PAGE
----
Using new genetic testing tools to break open cold cases, the link between prescription opioids and community-acquired pneumonia, and how the government shutdown is affecting U. S. science.
(Washington Post, 1/9/2019, Ben Guarino, Carolyn Y. Johnson, Sarah Kaplan & Lenny Bernstein)
Of the 800,000 federal employees furloughed or working without pay, thousands are researchers. These include agency scientists at the Agriculture Department, the National Institute of Standards and Technology, the National Oceanic and Atmospheric Administration (NOAA), the National Science Foundation and the U.S. Geological Survey. (The Centers for Disease Control and Prevention and the National Institutes of Health, which were separately funded through September, are almost entirely safe from this shutdown.) Furloughed government scientists are banned from any form of work activity — they cannot so much as open an email. Scientists will miss critical research windows, such as the emergence of seasonal insects or rare celestial phenomena, as the shutdown continues. Those missed opportunities and delays are stacking up. At the start of a new year, NOAA releases U.S. average temperatures for the previous year. The data for 2018 are not yet available.
(U.S. News & World Report, 1/10/2019, Robert Preidt)
People who are prescribed opioids to reduce pain are at a greater risk of developing pneumonia, according to a study led by researchers at the Yale School of Medicine. The drugs tend to weaken the immune system and are especially risky for patients with HIV. Those who take codeine, fentanyl and morphine are particularly susceptible to being less able to fight off bacterial infections, such as pneumonia, the study found. For the study, the team analyzed data from U.S. patients with and without HIV who were treated at Veterans Affairs medical facilities between 2000 and 2012. Patients prescribed medium or high doses of opioid painkillers had a higher risk of pneumonia than those who did not take the medications, the findings showed. The risk was highest among those who took immunosuppressive opioids, such as codeine, fentanyl and morphine. Patients with HIV were more likely to develop pneumonia even when taking low doses of opioids, and especially if they took immunosuppressive opioids, the investigators found.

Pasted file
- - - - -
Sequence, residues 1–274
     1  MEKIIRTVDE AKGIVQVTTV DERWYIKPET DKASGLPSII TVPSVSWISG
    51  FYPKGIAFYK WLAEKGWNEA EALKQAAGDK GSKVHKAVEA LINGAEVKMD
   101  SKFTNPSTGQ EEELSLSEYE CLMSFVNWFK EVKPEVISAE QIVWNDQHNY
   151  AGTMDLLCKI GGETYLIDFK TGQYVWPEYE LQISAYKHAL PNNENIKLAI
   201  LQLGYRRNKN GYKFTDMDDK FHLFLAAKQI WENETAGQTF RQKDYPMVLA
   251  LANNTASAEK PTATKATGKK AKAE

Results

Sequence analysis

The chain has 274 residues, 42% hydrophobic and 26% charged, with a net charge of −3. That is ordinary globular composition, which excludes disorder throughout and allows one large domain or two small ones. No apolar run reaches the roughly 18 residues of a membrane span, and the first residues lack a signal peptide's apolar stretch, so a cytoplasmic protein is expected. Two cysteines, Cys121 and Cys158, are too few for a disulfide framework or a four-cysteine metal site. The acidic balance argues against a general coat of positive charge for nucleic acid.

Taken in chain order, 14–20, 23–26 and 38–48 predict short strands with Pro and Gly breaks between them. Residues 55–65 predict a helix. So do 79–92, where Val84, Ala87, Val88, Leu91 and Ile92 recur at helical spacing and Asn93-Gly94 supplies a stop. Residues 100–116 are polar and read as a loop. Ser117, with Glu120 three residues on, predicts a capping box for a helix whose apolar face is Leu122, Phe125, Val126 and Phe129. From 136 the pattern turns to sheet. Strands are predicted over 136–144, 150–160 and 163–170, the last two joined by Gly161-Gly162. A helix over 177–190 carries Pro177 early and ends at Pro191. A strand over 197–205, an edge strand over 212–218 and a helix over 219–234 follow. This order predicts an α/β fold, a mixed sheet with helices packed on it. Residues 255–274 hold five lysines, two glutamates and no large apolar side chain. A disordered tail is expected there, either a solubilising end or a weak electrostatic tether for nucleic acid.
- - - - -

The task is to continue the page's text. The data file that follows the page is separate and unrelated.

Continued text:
(Washington Post, 1/10/2019, Daron Taylor and Taylor Turner)
For the past few decades, forensic DNA matching techniques have been used to make direct matches between a sample taken at a crime scene and a suspect who has been identified in a database. Researchers are taking this to the next level by going backward in time a bit. Cold cases are being solved using an investigative technique called “genetic genealogy,” a blend of DNA analysis and old-fashioned archival research used to point investigators in the direction of a person of interest in a criminal case. The linchpin of genetic genealogy is actually a simple Internet search: An investigator uploads anonymous genetic data from a crime scene into an open-access genetic genealogy database, such as GEDmatch.com for example, and runs a comparison. Once the results are in, getting from that initial match to a person of interest takes a lot of legwork. It requires a genealogist searching through birth records, newspaper archives and social media to build out an extensive family tree based on a common ancestor. Then researchers follow branches of that tree forward in time to the present day, to find the right person who was in the area of the crime and whose age and physical characteristics match the description of the perpetrator.
—Compiled by Social Media Specialist Jillian Scola